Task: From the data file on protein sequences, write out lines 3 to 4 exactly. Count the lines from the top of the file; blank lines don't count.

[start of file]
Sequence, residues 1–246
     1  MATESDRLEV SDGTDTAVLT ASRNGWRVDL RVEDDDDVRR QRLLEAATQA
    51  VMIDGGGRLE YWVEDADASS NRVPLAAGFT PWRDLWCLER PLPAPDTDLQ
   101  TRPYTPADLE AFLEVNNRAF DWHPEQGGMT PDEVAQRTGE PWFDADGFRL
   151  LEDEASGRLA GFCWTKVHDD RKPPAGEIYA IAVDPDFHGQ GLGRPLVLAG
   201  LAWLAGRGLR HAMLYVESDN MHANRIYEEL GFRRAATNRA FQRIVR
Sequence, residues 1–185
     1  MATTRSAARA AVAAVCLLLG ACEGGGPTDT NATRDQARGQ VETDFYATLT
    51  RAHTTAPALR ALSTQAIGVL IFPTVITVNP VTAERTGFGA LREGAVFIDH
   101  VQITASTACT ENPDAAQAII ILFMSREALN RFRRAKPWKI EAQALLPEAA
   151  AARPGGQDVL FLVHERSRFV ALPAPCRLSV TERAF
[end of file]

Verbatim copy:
    51  VMIDGGGRLE YWVEDADASS NRVPLAAGFT PWRDLWCLER PLPAPDTDLQ
   101  TRPYTPADLE AFLEVNNRAF DWHPEQGGMT PDEVAQRTGE PWFDADGFRL